Homogeneity Suppresses Knowledge

 The shock that many academics expressed upon hearing the referendum result provides a neat illustration of how political homogeneity acts to suppress knowledge. If British universities had acted less like an ideological bubble, then scholars may have been less surprised at the outcome and more aware of the factors influencing the leave vote.

Since the referendum result has been announced, rather than expressing humility at their ignorance of public attitudes, many academics have instead further pulled up the university ramparts. One professor has called the vote to leave a triumph of ‘xenophobia, fear, ignorance and nostalgia.’ Everywhere leave voters were charged with racism, xenophobia and ignorance. Yet this is despite the fact that polling conducted on the day showed the primary motivation for people deciding to vote leave was ‘the principle that decisions about the UK should be taken in the UK.’ Another highly respected survey, conducted a year before the referendum, showed that ‘the poorest and least educated were less likely than anyone else to think Brexit would reduce immigration.’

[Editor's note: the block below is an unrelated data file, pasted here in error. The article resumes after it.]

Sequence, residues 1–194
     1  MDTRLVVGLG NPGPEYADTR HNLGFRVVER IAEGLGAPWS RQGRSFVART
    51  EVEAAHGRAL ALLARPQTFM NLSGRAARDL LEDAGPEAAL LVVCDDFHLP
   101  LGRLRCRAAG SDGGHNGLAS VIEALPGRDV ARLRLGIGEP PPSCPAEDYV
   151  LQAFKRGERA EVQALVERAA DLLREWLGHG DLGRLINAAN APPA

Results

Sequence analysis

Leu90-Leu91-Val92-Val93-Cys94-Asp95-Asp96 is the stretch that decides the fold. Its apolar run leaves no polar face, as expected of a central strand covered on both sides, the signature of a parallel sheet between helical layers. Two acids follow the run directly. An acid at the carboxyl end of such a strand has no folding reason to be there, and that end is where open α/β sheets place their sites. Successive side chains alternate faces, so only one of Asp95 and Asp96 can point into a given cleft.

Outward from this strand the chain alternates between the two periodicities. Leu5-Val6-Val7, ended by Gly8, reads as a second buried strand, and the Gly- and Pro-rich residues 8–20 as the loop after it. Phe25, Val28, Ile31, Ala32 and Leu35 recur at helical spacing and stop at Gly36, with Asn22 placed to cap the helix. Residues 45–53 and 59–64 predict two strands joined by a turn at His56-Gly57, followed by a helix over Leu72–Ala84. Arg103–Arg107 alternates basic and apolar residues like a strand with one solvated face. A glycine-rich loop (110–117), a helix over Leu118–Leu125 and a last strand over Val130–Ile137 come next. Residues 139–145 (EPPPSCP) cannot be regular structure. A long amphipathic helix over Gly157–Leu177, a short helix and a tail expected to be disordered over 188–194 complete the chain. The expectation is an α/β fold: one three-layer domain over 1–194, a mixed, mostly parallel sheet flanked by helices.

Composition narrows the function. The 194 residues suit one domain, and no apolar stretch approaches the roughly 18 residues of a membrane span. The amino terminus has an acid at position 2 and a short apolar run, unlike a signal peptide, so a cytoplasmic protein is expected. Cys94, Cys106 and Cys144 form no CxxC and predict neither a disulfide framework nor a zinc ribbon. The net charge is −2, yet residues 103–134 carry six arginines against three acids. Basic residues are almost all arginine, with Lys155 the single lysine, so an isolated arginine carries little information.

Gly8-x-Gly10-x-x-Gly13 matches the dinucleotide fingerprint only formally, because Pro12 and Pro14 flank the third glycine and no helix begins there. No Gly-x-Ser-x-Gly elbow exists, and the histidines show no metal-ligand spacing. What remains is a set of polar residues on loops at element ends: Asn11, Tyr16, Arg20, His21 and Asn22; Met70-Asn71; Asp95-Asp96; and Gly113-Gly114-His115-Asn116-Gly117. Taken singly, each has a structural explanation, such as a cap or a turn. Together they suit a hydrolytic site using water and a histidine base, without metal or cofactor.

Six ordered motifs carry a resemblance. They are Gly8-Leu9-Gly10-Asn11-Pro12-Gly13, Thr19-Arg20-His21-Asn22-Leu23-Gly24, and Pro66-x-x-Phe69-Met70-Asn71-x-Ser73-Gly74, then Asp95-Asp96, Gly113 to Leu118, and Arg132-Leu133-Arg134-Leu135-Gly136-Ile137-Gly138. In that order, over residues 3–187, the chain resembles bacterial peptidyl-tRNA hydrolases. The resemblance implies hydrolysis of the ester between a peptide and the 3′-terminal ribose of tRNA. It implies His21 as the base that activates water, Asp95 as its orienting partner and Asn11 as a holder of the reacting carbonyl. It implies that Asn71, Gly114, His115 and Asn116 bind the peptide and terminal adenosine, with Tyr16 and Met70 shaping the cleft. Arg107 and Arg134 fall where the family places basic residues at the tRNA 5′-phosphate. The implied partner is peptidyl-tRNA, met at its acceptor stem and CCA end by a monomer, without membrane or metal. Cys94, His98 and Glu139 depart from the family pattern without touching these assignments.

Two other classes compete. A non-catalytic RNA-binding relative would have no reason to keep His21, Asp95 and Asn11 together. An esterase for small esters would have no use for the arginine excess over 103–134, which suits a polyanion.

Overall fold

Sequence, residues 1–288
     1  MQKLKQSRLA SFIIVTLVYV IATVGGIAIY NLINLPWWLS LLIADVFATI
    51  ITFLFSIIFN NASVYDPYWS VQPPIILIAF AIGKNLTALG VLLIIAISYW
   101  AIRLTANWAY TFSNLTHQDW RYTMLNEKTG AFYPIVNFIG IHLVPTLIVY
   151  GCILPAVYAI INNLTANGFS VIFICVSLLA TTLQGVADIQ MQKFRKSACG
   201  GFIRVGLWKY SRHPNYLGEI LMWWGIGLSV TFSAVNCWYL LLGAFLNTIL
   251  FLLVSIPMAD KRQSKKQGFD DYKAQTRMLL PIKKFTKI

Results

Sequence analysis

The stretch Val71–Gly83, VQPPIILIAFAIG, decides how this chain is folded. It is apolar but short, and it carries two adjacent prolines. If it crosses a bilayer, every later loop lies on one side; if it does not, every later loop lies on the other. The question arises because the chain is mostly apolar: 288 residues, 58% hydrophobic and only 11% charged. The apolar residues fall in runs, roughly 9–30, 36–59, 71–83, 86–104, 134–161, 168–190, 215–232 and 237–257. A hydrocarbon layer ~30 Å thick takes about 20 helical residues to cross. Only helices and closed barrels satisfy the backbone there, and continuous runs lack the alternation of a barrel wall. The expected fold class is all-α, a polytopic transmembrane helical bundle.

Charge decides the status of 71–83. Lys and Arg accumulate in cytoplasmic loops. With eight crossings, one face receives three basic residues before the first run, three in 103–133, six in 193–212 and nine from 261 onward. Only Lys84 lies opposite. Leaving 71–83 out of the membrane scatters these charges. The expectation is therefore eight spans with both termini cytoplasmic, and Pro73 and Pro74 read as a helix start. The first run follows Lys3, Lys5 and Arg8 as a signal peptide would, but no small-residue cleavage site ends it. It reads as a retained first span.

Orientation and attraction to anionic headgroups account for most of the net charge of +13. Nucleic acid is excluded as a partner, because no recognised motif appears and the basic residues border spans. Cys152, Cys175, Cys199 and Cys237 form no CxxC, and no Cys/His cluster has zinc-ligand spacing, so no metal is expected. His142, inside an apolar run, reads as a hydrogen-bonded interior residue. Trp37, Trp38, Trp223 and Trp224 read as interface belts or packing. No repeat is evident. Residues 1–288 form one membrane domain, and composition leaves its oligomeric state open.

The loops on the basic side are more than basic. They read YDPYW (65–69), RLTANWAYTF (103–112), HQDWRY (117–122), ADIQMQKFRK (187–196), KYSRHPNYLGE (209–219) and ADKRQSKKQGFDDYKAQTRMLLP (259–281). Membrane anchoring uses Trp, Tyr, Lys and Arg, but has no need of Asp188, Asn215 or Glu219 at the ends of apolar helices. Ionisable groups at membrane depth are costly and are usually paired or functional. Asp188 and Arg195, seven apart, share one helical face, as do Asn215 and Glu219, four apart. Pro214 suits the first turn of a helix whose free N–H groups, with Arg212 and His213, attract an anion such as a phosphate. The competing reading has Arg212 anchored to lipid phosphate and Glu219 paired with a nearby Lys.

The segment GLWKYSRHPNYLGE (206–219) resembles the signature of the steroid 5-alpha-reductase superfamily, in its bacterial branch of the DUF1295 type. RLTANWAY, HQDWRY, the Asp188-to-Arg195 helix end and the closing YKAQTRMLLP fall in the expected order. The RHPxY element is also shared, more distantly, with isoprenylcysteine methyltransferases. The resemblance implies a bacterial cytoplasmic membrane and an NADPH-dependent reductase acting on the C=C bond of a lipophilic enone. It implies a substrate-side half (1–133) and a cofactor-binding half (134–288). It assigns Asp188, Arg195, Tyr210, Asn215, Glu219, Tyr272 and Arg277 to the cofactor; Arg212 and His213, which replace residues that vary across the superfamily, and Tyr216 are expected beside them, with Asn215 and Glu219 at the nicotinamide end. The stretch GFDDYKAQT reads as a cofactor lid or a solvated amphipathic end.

The sentiment some academics have expressed against leave voters has been ugly, unfounded and prejudiced. This was not just directed at voters from outside of universities but at the tiny minority of academics brave enough to declare publicly that they voted leave. One lecturer tells me she was yelled at in a corridor, another that colleagues have stopped speaking to him altogether. The danger now is that the 90 percent political consensus is turned into 100 percent ideological homogeneity as academics with opposing views are told that they are not welcome in academia.

How to Overcome the Referendum

Since the referendum, academics have been busy. Some, such as Professor A C Grayling, Master of the New College of the Humanities, have been demonstrating, signing petitions and writing letters ‘urging Parliament not to support a motion to trigger Article 50 of the Lisbon Treaty’ or, in other words, campaigning to have the referendum result overturned. Others have been re-evaluating degree programs, exploring ways to make the promotion of European citizenship more explicit. But it is no more the role of academics to interfere in the democratic process than it is to instruct students in which values they should adopt.